New photograph acquisitions at the Harry Ransom Center

The Harry Ransom Center is world renowned for its photography archives and their holdings are continuing to grow. From Feb. 9 until May 29, 2016 they will be celebrating almost 200 new acquisitions. Look Inside: New Photography Acquisitions traces progressions in the art from the post-war period through to the contemporary era.

Enjoy their time-lapse installation video here:

Tower Documentary – All Things Must Pass

Opening around the country is a documentary on Tower Records. For those of you that remember the 70’s, 80’s or 90’s, you will recall how Tower Records had hundreds of stores across the nation, in many other countries and was the place to go for videos, new LPs, singles, posters, music magazines and t-shirts.

For teenagers it was one of the few places that would hire you if you were a long-haired hippy, dressed punk, goth, or hip-hop. Tower saw you as a genre expert and if you worked hard, were detail-oriented and knew your stuff you could work up to becoming a music buyer and/or manager.  If you moved around, you could transfer easily to a Tower in your new town or get hired based on your experience.

It was a great gig. Didn’t pay a lot, but you would get promo CDs, tickets to concerts, get to listen to music on your shift and as long as you got your work done you could act as goofy as you wanted.

It was one of my favorite places to work as a late teen and early 20’s – I worked at the stores in Berkeley, Las Vegas and Austin, TX.  I kept trying to get a transfer to the Japan store but managers in Berkeley and Vegas kept sitting on my application.  My life would have been very different. Le sigh.

They are also raising money for Sacramento to have a museum, archive and perhaps even a traveling exhibit.

It’s playing in Austin at the Regal Arbor (November 6th)
Release dates elsewhere can be found here:



Mexican Early Music from Colonial Archives

Discovered in the archives of Latin America was a treasure trove of Colonial works of art, sacred music for the feasts and holidays of the Catholic Church.  After Mexico defeated Spain these Colonial masterpieces from the 17th and 18th century were neglected for over a century but were rediscovered in the 1940’s.

The Austin Baroque Orchestra is holding their forth annual celebration of these musical archives, presenting works from three cathedrals from different regions, Oaxaca, the Hill Country of Northwestern Mexico and Mexico city.  From Oaxaca cathedral you’ll hear the works of Manuel de Sumaya, known as the “Mexican Handel.”  From Durango Cathedral in Mexico’s hill country you’ll enjoy Santiago Billoni, New Spain’s Italian-born maestro. From Mexico City’s Metropolitan Cathedral you’ll encounter the pieces by Ignacio Jerúsalem, Mateo Tollis de la Rocca, and Antonio Juanas.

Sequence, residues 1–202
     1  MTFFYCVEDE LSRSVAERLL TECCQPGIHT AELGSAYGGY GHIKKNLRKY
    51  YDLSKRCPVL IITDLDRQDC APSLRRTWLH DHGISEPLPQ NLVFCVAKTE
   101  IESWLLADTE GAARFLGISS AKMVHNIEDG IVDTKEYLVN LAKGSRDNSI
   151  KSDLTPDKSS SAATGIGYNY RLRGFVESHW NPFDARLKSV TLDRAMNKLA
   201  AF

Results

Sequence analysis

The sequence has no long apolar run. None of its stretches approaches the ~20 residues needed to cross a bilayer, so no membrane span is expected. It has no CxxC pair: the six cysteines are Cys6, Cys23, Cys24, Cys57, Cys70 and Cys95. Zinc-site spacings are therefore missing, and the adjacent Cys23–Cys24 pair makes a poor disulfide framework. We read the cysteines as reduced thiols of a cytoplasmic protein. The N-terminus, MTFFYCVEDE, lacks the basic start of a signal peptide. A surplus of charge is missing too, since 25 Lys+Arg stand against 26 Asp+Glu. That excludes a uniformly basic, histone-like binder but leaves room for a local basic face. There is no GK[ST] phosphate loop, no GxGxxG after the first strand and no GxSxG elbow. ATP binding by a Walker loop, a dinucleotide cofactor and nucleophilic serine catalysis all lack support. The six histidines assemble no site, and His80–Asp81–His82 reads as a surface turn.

A sample from last year’s selection of the works of Juan de Araujo can be listened to here. 

Find out more about these concerts here and here.

Saturday, November 14, 2015 – 8:00PM
First Presbyterian Church of Austin
8001 Mesa Drive · Austin, TX 78731

Sunday, November 15, 2015 – 4:00PM
Mission Concepción
807 Mission Road · San Antonio, TX 78210

Gabriel Garcia Marquez archive at the Harry Ransom Center

Please take the time to enjoy one of the Harry Ransom Centers most recent acquisitions, the Archive of Gabriel Garcia Marquez.

The HRC has issued a wonderful video giving an overview of this famous writer and his cultural contribution.

The director helps to explain the value of the Harry Ransom Center to our community, the university and the humanities field at large.  The Latin American studies director gives context to the weight of this collection.  One of its professors explains how the archive will be used by those in academia. The archivist discusses the collection and how the materials are being conserved and made available.

Gabriel Garcia Marquez archives now in Austin

One cannot mention the title source of the Strange Pilgrims exhibit without  reminding one’s readers that the Harry Ransom Center recently acquired the archives of Gabriel Garcia Marquez.

“More than 75 boxes of documents constitute the archive of the Colombian-born author, journalist, screenwriter and key figure in Latin American history and politics. Researchers will have access to manuscript drafts of published and unpublished works, correspondence, 43 photograph albums, 22 scrapbooks, research material, notebooks, newspaper clippings, screenplays and ephemera.”

Wed. Oct. 27 there will be a webcast of acclaimed author Salmon Rushdie’s keynote speech for the symposium Gabriel García Márquez: His Life and Legacy.